In my opinion, this is the weakest song on the album. I think this purely because i have no idea what Oakey is on about ("A crow and a baby, had an affair, the result was a landslide, the result was a dare"), awnsers on a postcard pleases, the lyrics to this one are very weird! I also think the vocal melody can get slightly annoying in the verses, but all this is made up for by a catchy memorable chorus and a great addictive Baseline all the way through. the song is also very upbeat and is defiantly one of the most danceable songs on here, just really bizarre compared to The Touchables and the other up beat songs.

A phenomenal slice of early Synthpop, The Touchables is an amazing song. Despite it's more Pop sound, the rhythm is upbeat and dead catchy and the Synth Pads in particular have the raw and beautiful sound of the rest of the album. Oakey sings about how people hide indifference just to be touchable. I think this song is an early glimpse of where the band would go on Dare.

One of my favourite instrumentals ever! It's a cover of the old Gordons Gin TV commercials of the 70's and really showcases how creative the band were. Not only is it infectious, every sound is just gorgeous and the structure perfect. Great rhythm too, very upbeat and worthy of dances.

A revamped version of the bands debut single (which is available on Reproduction) and a wicked version. I prefer this to the original...its more orchestrated and far more upbeat and anthem like. The up beat pace coupled with some infectious Synth Brass stabs and melodies make this a very strong piece of music.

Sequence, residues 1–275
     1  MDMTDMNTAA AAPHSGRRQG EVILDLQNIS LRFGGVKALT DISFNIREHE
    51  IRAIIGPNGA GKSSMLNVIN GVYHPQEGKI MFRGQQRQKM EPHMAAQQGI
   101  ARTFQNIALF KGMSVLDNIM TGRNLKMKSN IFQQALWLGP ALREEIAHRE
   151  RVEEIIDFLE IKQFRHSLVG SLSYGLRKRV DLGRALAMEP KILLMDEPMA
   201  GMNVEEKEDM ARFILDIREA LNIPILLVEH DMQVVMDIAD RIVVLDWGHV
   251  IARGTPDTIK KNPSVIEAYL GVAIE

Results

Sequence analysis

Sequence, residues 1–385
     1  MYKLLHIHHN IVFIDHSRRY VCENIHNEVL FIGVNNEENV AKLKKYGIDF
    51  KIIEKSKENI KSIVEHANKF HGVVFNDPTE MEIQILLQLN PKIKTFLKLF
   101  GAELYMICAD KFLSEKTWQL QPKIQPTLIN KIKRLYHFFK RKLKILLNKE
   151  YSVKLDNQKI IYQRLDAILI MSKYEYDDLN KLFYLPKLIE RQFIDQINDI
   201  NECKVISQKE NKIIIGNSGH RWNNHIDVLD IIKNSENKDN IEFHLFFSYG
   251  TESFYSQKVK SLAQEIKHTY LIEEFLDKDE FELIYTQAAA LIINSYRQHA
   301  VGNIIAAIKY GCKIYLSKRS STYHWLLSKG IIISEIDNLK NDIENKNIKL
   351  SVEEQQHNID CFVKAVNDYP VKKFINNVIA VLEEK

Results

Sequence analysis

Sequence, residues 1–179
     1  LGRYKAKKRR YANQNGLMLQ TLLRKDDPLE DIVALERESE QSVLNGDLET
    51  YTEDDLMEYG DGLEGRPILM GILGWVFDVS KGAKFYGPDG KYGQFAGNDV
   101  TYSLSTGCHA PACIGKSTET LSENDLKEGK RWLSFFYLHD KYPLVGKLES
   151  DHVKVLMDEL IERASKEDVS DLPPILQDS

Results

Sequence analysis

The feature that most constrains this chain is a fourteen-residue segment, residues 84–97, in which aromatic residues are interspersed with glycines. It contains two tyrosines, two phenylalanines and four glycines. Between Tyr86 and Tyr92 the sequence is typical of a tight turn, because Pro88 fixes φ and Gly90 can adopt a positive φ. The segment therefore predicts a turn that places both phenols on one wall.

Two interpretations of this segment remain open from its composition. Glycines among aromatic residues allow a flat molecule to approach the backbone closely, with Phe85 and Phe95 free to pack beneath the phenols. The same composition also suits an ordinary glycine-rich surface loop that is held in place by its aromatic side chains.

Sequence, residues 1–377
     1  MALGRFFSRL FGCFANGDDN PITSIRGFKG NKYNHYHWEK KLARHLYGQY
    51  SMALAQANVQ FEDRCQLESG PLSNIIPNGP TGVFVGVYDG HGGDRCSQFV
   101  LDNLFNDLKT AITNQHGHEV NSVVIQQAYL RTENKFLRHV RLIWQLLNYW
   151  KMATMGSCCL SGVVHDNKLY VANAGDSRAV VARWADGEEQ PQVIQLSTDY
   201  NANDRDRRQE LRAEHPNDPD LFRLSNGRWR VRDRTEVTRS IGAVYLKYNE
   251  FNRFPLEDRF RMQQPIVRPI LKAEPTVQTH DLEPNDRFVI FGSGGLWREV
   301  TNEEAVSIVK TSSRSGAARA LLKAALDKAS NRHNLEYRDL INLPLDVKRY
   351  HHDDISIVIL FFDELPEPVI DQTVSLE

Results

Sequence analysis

W.X.J.L TONIGHT - 10/10
My favourite Human League song of all time. Oakey sings as the last Radio DJ on planet Earth whist automatic stations take over and destroy his role in society. The emotion in his voice is so gripping and when he starts shouting "I don't want you to go, tonight" at the end it goes right down your spine. And the music matches the emotional beauty of the lyrics! Mellow, ambient arpeggios and drones create a futuristic and drop dead gorgeous wash of sound and atmosphere that grips you from start to end.

I can't say enough good about Travelogue. It's a characterful and beautiful album that you NEED to listen to if you are interested in Electronic music. Don't let The Human league's later discography put you off this album, it's the most beautiful and creative the band ever sounded.

user ratings (23)
other reviews of this album
Tom93M (3)
An awkward transitional phase, Travelogue remains a mere curious (but crucial) footnote in the bands...

Comments:Add a Comment 
June 22nd 2010


Good review. On Sputnik, the general consensus about track by tracks is that they suck, and doing them thus cause some hate directed towards your review. I'd avoid this format for later reviews. If you do decide to stick with t-by-t's, add a bit more detail about the sound of the songs. The album sounds real interesting, I'll probably check it out.